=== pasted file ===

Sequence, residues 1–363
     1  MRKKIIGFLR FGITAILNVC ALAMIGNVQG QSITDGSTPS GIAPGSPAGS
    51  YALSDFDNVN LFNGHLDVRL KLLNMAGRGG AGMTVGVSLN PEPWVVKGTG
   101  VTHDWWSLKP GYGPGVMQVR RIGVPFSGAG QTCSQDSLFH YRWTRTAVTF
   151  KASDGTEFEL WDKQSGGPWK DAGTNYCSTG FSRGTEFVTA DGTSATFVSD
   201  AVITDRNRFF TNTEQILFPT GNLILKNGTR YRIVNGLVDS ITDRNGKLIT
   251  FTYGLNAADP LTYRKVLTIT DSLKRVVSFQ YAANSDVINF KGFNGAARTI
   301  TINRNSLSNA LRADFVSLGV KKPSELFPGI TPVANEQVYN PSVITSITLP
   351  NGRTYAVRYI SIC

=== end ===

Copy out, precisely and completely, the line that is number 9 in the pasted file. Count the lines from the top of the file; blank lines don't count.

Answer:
   351  NGRTYAVRYI SIC